Double and Triple Bonds
Return to the Atomic Structure and Bonding Page.
So far, all the the orbital overlaps we encountered were sigma bonds.
Another way that p orbitals can overlap is overlapping both two lobes of each orbital.
This is done by having them parallel to each other.
Here is an illustration of how its done:
This bond is called a pi () bond and it occurs in molecules with double or triple bonds.
Since p orbitals extend out along the x-, y-, and z-axes, the x-axis could be a sigma bond (extending out toward another lobe of another atoms orbital) while the other two can form double or triple bonds (by forming one or two pi bonds with other atom's p orbitals).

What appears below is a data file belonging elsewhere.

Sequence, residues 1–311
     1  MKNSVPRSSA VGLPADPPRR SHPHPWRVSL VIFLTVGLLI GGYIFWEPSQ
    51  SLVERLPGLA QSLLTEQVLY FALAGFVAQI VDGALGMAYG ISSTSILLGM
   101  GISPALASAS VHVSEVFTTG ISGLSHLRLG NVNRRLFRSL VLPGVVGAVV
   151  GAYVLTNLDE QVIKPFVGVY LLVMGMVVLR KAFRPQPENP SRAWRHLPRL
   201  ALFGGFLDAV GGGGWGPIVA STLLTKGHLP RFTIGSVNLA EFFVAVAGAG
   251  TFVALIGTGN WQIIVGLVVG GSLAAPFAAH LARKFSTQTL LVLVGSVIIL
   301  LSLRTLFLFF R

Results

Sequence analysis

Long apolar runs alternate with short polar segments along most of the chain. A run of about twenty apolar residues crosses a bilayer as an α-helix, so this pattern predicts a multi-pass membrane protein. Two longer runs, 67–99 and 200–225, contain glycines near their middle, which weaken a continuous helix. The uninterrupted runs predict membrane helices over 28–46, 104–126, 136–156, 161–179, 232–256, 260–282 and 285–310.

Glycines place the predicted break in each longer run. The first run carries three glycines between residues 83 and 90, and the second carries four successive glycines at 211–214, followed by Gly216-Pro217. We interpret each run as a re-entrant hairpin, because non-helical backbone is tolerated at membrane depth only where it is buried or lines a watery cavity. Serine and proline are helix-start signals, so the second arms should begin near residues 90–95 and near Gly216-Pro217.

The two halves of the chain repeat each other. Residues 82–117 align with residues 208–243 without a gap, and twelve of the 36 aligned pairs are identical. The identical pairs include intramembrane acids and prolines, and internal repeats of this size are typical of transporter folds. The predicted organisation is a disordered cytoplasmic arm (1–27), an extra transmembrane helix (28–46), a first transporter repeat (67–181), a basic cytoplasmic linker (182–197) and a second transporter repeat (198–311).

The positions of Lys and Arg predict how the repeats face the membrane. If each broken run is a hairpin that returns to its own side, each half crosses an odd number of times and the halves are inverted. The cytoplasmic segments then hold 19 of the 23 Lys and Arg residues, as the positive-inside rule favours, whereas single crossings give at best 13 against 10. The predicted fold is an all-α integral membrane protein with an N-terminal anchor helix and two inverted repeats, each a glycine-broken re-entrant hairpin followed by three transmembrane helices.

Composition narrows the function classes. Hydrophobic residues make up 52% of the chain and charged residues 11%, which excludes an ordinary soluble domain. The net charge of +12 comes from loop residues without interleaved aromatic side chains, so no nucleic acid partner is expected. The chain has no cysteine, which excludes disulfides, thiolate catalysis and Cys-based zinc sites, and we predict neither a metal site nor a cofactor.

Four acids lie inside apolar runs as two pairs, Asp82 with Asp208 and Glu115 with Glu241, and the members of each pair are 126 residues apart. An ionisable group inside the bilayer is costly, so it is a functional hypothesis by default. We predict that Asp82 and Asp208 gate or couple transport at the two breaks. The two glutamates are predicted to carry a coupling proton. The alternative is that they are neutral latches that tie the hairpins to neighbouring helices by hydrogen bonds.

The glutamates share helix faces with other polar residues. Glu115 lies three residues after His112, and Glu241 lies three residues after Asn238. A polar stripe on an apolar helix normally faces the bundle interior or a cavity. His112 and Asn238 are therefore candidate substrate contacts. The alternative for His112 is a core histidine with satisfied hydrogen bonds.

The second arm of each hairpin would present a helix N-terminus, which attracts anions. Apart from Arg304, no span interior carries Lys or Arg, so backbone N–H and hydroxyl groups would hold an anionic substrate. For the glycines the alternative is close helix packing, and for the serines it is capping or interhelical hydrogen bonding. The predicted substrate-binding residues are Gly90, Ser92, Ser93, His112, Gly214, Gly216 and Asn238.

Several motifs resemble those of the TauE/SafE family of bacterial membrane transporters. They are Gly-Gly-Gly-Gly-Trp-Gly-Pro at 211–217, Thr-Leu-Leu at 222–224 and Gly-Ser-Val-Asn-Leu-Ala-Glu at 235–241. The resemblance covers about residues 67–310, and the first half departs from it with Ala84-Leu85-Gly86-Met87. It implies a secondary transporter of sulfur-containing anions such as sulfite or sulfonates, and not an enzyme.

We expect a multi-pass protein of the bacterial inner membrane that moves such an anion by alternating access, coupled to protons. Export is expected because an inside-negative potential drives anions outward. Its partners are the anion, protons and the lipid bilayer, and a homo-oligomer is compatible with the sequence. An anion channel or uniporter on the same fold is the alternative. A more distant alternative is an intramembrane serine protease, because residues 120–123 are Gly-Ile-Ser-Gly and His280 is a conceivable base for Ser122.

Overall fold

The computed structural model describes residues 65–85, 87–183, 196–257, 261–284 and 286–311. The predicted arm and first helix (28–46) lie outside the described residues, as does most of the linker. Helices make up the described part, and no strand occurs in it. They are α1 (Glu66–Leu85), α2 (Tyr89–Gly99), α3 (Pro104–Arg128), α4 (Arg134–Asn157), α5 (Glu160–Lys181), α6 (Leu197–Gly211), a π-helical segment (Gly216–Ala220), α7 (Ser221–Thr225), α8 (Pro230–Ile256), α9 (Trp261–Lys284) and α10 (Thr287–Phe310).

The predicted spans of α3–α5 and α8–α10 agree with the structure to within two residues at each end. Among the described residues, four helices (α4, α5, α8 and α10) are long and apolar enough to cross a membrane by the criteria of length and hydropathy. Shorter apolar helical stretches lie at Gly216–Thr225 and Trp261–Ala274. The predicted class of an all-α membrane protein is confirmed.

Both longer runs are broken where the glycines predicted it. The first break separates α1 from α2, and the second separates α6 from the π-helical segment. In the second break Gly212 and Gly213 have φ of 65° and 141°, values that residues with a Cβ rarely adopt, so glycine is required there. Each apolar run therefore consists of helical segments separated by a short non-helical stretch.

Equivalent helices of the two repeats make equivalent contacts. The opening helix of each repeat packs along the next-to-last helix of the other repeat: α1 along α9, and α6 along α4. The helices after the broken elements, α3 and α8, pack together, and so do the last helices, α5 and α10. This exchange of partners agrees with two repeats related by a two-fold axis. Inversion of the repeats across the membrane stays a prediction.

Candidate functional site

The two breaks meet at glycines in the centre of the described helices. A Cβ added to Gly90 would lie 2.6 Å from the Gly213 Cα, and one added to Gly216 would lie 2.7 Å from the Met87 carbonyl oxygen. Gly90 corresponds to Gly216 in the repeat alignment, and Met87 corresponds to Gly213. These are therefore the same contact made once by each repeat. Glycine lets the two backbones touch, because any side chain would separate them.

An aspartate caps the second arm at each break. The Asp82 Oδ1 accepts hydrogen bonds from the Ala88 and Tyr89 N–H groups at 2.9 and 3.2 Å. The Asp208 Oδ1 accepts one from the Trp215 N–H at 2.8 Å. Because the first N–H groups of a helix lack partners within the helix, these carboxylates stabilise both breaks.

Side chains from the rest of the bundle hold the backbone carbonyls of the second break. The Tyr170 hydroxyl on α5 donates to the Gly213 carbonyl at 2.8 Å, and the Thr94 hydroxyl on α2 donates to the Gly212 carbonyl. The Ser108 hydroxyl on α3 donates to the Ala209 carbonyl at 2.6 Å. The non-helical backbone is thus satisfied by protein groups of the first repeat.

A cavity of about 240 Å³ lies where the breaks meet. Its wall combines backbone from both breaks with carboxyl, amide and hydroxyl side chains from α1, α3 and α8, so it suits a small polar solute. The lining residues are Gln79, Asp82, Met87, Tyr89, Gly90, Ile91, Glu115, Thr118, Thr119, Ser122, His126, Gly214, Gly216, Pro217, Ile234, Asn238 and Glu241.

Basically, here is a compilation of all the things we have discussed:
- The basic molecular framework of a molecule is determined by the arrangement of its sigma bonds.
- Hybrid orbitals are used by an atom to form its sigma bonds and to hold lone pairs of electrons.
- The number of hybrid orbitals needed by an atom in a structure equals the number of atoms to which it is bonded plus the number of lone pairs of electrons in its valence shell.
- When there is a double bond in a molecule, it consists of one sigma bond and one pi bond.
- When there is a triple bond in a molecule, it consists of one sigma bond and two pi bonds.